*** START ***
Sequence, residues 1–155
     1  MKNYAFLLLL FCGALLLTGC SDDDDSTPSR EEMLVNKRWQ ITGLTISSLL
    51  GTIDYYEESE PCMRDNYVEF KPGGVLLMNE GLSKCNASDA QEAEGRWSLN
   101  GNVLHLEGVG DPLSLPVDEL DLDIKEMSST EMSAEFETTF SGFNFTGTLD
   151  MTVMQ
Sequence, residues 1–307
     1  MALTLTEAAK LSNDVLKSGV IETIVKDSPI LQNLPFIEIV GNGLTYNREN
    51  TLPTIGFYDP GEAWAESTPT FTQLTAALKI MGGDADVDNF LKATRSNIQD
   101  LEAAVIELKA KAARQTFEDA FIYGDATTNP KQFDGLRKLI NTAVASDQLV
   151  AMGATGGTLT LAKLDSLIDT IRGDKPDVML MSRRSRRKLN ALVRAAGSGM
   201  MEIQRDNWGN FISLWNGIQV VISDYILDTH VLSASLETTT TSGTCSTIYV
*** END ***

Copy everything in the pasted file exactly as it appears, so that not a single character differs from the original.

Sequence, residues 1–155
     1  MKNYAFLLLL FCGALLLTGC SDDDDSTPSR EEMLVNKRWQ ITGLTISSLL
    51  GTIDYYEESE PCMRDNYVEF KPGGVLLMNE GLSKCNASDA QEAEGRWSLN
   101  GNVLHLEGVG DPLSLPVDEL DLDIKEMSST EMSAEFETTF SGFNFTGTLD
   151  MTVMQ
Sequence, residues 1–307
     1  MALTLTEAAK LSNDVLKSGV IETIVKDSPI LQNLPFIEIV GNGLTYNREN
    51  TLPTIGFYDP GEAWAESTPT FTQLTAALKI MGGDADVDNF LKATRSNIQD
   101  LEAAVIELKA KAARQTFEDA FIYGDATTNP KQFDGLRKLI NTAVASDQLV
   151  AMGATGGTLT LAKLDSLIDT IRGDKPDVML MSRRSRRKLN ALVRAAGSGM
   201  MEIQRDNWGN FISLWNGIQV VISDYILDTH VLSASLETTT TSGTCSTIYV